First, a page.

Flogas are thrilled to be the energy behind Team Ireland for the Paris Olympics 2024. Our hopes are high for Ireland’s best performance yet at what will be 100 years of Team Ireland’s involvement in the Olympics. 

100 years of Team Ireland

The 1924 Olympics in Paris was the first time Ireland competed as an independent country with 10 athletes and 2 medal wins. Since then, we have seen some memorable sporting performances through the years which have inspired today’s participants. Below are just some of the standout memories from 100 years of Team Ireland.

1924 - the early days of the modern Olympics saw the inclusion of art as a discipline, with participants producing works of art usually with a sporting theme. Fondly viewed by many as Ireland's national painter, Jack B. Yeats produced his famous 'Liffey Swim' painting for these Olympic Games, the energetic scene showing swimmers and lively onlookers winning silver for Ireland in its first Olympic Games as an independent country. Today the much loved painting hangs in the National Gallery in Dublin.

1928 - Cork’s Pat O’Callaghan won a dramatic gold victory in hammer throw despite being new to the sport. A doctor by profession, he later went on to win many Irish titles in weight throwing, hammer and high jump, including becoming Ireland’s only double gold winner in 1932.

1932 - Bob Tisdall became an unlikely gold winner in 400 metres hurdles in Los Angeles in 1932. Although a decent sprinter and Irish champion hurdler, he wasn't considered world standard, until he arrive in Los Angeles, not only bettering the world record, but winning the gold. His time was not recorded however, as he knocked over the last hurdle. This was the year that Pat O'Callaghan won his second gold for hammer throw, as well as being the flag bearer for the Irish Olympics team.

1956 - Ronnie Delany became Ireland’s ultimate Olympic champion with his thrilling gold medal win in a talent packed 1500 metre event in Melbourne. He stayed close to John Landry a local favourite for much of the race, before leaving him in the dust in a stunning final lap. One of the first things Delany did after his win was to send a simply worded telegram - 'We did it Jack' - to his first coach Jack Sweeney, his teacher who helped him see and reach his potential. Delany's gold was one of a total of 5 Irish medals - the other 4, 1 silver and 3 bronze were won for boxing. 

1984 - Dungarvan, Waterford man John Treacy won silver in the mens' marathon event in an iconic performance. With just 150m to go, he dramatically overtook Britain's Charlie Spedding to take his silver place on the Olympic podium. Treacy's win was outstanding, considering it came less than a year after a disastrous World Championships in Helsinki, where he came almost last in his 10000 heat.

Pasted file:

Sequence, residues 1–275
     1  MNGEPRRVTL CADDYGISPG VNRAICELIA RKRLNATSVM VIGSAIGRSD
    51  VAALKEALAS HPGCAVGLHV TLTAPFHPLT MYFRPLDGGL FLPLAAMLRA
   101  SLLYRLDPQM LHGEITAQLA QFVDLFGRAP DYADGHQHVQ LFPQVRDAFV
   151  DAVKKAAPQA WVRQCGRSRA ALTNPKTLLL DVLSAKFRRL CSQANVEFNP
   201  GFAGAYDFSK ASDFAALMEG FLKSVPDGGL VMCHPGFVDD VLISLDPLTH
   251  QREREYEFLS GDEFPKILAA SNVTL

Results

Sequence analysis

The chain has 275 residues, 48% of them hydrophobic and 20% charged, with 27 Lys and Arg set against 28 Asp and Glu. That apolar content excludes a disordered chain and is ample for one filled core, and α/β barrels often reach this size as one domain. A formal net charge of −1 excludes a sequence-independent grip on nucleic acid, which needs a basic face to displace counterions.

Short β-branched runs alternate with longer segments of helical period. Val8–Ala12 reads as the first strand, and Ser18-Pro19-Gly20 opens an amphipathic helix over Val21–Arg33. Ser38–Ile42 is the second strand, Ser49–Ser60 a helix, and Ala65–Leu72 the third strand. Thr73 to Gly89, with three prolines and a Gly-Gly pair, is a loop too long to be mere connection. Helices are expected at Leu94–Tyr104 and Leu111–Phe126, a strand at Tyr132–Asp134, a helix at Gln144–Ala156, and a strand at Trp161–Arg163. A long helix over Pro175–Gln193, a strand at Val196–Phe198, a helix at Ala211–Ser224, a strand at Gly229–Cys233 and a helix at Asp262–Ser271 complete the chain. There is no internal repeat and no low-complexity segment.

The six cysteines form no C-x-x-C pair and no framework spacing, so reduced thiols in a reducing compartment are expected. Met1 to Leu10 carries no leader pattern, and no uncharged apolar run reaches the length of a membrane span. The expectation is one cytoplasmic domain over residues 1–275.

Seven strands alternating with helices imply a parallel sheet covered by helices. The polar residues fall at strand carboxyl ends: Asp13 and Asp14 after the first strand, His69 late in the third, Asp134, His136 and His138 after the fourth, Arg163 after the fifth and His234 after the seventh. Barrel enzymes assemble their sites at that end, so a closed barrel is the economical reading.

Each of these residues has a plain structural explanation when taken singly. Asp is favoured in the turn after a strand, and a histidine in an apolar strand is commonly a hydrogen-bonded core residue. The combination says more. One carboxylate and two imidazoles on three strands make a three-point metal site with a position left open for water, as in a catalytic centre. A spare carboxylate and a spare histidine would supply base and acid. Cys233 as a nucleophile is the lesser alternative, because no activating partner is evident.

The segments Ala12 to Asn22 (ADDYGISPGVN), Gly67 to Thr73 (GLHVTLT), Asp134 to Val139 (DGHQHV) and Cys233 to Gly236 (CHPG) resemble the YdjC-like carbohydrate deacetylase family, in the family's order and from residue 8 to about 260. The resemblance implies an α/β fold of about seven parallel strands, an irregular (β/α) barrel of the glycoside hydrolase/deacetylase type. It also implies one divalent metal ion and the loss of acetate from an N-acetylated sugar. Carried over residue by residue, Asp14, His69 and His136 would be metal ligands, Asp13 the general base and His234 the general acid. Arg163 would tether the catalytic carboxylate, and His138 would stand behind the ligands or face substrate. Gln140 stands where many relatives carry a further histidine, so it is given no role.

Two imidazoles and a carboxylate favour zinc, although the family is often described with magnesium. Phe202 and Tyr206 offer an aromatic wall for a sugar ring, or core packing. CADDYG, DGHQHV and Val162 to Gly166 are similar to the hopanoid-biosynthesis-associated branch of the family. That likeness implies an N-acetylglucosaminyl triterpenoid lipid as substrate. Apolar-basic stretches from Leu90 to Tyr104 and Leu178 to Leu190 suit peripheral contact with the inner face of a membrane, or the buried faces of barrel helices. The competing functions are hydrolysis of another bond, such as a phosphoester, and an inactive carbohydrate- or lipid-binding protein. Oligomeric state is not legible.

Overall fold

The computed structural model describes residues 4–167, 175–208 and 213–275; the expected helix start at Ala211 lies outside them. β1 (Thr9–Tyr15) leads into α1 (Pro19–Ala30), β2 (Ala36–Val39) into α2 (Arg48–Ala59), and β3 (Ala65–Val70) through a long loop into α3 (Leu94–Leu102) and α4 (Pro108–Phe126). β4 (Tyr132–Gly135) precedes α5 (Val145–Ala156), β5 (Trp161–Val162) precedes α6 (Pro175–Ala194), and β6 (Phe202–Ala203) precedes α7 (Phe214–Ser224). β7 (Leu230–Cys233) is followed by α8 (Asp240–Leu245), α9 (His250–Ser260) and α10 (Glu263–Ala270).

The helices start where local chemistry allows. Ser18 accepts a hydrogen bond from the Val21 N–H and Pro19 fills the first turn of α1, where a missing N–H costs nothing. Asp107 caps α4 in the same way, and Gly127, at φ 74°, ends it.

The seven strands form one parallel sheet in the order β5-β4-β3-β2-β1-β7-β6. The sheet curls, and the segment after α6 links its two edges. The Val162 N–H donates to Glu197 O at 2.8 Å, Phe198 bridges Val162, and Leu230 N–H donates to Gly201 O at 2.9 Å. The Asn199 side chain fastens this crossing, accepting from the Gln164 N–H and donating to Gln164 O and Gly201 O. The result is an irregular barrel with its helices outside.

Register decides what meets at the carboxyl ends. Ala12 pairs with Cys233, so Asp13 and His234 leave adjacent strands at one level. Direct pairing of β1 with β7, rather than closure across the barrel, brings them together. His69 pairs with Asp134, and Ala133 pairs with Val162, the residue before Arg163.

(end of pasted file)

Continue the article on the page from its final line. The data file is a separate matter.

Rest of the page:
1992 - Drimnagh's Michael Carruth ended a 36 year long Irish gold medal drought, wimming gold in the mens' welterweight event in Barcelona this year. Belfast's 'Pocket Rocket' Wayne McCullough won silver in the mens' bantamweight the same year at only 18 years old. 

1996 - Michelle Smith’s stunning 3 golds for Ireland in swimming in Atlanta, making her Ireland's most decorated athlete, were later shadowed in controversy in the face of doping allegations. Her medals were allowed to stand as she did not test positive at the time of the Games.

2000 - Sonia O'Sullivan became Ireland's first athletics medal winner since John Treacy when she won silver in the 5000m event. The nation and the entire population of O'Sullivan's hometown of Cobh watched enthralled as she finished just milliseconds behind Romania's Gabriela Szabo, winning silver for Ireland and beating a national record in the process.

2012 - The London Olympics were Ireland’s most successful to date with 6 medal wins including Katie Taylor’s gold for boxing. This was the first year women competed in boxing in the Olympics, and the Bray Bomber made it a Games to remember for Ireland in a thrilling contest against Russia's Sofya Ochigav, including a dramatically delayed result at the end. Taylor's win broke barriers and blazed a trail for women boxers in Ireland.

2020/21 - Ireland sent a record number of athletes to Tokyo with a team of 116, striking a historic first gold in rowing for Paul O’Donovan and Fintan McCarthy. O'Donovan had previously won silver with his brother Gary in 2016 and treated the his gold medal upgrade with his trademark offbeat and deprecating humour. Ireland had an exciting gold win for Dublin's Kellie Harrington in boxing. Harrington, who was also one of Team Ireland's flag bearers in the opening ceremony, beat Beatriz Ferrera 5-0 in the lightweight division in a thrilling final.